Wednesday, October 17, 2018

“Hey Babe!” Remembering Roger Sellers

Following a long illness, the one and only Roger Sellers passed away on 14 June. Over the past 37 years (plus he had an earlier stint here during the 60s too), Roger was a integral part of the New Zealand jazz scene. And during that time he must have made his way to the top of the list of “most loved Australians living in New Zealand” (a short list perhaps (wink), but he’s up there nonetheless!).

Fortunately I was back home, and had the pleasure of taking my good mate John out to the burial in Makara. Not surprisingly there was a great turnout. And after reading the tributes that filled social media feeds since his passing, I decided to add some memories of my own. I delayed this post somewhat as I tried, so far unsuccessfully, to track down some concert posters I had hoped to upload. But somewhere on the way they seem to have disappeared along with a number of gig posters from the early 2000s I thought I had stashed at my parents’ place. 

During my fist year at music school, I lived a very short walk from The Lido and pretty much every Sunday night I went there to hear Roger and Paul Dyne with various incarnations on The Boptet - my favorite being the edition that included any or all of Scott Towers, John Bell, Nick van Dijk and Noel Clayton. But it was a couple of performances with saxophonist Jeff Henderson that immediately came to mind when I started writing this post. Jeff revealed a side to Roger’s playing that wasn’t always on show - relentless, burning intensity.

John Street Grill, circa 2000: Roger Sellers and Jeff Henderson Duo. I was expecting the typical crowd from jazz school to be there out-numbering a few punters grabbing dinner and a drink. But it was quite the opposite, and I may have been the only one from school there - I know I was sitting by myself at a table right next to Jeff and Roger. And once the music started it felt like I was the only one in the room and they were talking directly to me. My bowl of fries got cold as I soaked it in. There was no warming up on the bandstand. Once they were set up and ready, Roger smiled and nodded and then Jeff called, “blues, 1–2–1-2-3-4,” and they were into it. Full steam ahead. This was an eye opening gig for me. The duo’s intensity caught some/most/all(!) of the audience by surprise, with one couple ("oh, there's a band playing tonight") heading for the door by the time the first IV chord came around! I don’t really remember the specifics - I think they also played Rhythm Changes and maybe a ballad… “You Don’t Know What Love Is” perhaps -  but the energy, intent and feeling has stuck with me. I was somewhere between exhaustion and elation as I floated home alone. What a night!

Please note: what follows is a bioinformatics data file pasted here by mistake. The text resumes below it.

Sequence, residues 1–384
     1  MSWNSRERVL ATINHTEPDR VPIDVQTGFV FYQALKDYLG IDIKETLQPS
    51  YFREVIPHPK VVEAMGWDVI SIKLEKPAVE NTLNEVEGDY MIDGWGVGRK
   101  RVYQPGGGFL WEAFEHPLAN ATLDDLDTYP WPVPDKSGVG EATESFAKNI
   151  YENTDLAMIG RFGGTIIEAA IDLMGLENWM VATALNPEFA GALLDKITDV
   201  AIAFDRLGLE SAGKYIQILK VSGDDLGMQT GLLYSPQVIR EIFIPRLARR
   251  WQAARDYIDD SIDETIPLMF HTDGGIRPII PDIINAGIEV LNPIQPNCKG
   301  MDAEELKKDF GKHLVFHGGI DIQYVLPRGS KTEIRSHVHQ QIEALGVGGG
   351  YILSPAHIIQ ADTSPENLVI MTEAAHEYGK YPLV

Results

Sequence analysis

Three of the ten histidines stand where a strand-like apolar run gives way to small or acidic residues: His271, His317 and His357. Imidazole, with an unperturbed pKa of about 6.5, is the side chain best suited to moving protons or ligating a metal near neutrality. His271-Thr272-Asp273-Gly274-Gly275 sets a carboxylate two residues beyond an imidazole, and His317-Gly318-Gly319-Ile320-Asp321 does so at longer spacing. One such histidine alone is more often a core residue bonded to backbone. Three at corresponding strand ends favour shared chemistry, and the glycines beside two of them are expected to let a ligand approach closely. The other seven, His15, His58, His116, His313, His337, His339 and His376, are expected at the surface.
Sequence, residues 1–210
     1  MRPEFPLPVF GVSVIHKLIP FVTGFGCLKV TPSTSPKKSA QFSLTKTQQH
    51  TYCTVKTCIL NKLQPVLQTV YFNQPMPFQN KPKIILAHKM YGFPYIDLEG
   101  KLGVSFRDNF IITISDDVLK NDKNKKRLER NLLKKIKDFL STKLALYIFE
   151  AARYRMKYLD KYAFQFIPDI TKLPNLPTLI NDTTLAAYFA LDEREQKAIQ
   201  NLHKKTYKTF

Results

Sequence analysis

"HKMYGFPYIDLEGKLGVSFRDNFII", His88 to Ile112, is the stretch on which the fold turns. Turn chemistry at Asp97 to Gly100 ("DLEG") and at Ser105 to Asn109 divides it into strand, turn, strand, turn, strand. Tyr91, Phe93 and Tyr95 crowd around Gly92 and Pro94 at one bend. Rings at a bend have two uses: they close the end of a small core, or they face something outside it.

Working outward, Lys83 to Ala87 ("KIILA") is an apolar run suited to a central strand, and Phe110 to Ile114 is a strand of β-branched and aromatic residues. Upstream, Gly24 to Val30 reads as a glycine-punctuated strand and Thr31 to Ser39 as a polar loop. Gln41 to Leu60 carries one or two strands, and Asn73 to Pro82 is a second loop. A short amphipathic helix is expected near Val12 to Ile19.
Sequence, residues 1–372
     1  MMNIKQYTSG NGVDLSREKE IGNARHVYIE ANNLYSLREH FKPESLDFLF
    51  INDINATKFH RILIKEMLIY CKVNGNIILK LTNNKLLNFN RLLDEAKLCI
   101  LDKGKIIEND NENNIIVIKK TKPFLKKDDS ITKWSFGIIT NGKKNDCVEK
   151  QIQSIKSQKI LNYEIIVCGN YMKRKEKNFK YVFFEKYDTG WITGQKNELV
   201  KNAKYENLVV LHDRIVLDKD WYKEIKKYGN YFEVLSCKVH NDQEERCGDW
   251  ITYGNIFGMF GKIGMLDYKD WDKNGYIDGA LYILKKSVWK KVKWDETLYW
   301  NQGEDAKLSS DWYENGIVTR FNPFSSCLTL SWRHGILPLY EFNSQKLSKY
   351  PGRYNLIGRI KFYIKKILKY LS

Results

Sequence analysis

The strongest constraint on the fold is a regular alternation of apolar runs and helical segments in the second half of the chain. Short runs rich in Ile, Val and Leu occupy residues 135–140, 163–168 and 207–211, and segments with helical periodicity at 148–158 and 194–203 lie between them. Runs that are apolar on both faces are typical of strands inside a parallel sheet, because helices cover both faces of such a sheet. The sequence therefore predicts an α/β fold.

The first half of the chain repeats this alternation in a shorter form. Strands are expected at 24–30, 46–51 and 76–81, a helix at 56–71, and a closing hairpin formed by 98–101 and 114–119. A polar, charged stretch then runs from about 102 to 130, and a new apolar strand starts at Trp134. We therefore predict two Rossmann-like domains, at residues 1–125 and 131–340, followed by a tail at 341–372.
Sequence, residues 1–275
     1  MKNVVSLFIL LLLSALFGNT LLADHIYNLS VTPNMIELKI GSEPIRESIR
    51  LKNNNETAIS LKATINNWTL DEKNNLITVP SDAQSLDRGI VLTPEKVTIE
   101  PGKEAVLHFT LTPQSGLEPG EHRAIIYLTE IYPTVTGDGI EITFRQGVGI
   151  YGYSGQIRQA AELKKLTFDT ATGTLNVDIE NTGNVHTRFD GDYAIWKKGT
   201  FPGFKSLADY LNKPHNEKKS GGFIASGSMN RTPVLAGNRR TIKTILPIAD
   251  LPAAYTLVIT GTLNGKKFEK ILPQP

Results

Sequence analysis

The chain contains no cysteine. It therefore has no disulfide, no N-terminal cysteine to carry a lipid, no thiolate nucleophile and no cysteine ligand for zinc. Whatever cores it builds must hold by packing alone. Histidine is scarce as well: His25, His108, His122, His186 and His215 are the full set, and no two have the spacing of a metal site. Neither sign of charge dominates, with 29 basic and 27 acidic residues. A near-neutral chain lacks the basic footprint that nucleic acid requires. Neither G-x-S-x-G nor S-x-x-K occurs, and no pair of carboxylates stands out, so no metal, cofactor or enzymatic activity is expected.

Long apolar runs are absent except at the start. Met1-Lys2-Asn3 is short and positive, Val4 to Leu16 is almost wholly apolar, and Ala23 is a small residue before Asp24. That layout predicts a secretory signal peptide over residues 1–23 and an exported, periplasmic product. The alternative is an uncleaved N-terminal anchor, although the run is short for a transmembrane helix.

I think it was not too long after the duo gig that he played a couple of trio gigs at The Space with Jeff and Paul Dyne (one was advertised as “Two Jazz Legends, One Imposter”!). The first featured standards, the second was original compositions. I ran into Jeff the day following the standards gig, and the first thing he said was along the lines of, “How great did Roger sound?!” Back at school the following Monday, Roger said he had to ice his wrists and have a couple of days recovery.  

My music library doesn't contain many recordings featuring Roger, and certainly nothing along the lines of these live concerts (at least as I remember them!). But I and planning to work through the Sustenance albums once I get a turntable.

I got to hear Roger with Mike Nock a couple of times too. And Mike’s description of jazz seems apt when talking about Roger: “serious fun.” Roger was one hell of a musician and one of the sweetest guys I’ve known. Roger’s nodding, smiling, gum-chewing, happy, swinging beat will be missed. So too will his humour, encouragement and wisdom, which he would gladly share with up and coming musicians. He was (and still is) the only person I’ve heard refer to everyone as “Babe” - this greeting always came with his trademark grin, and once he followed it up by asking if I was still modeling! Roger was the real deal.

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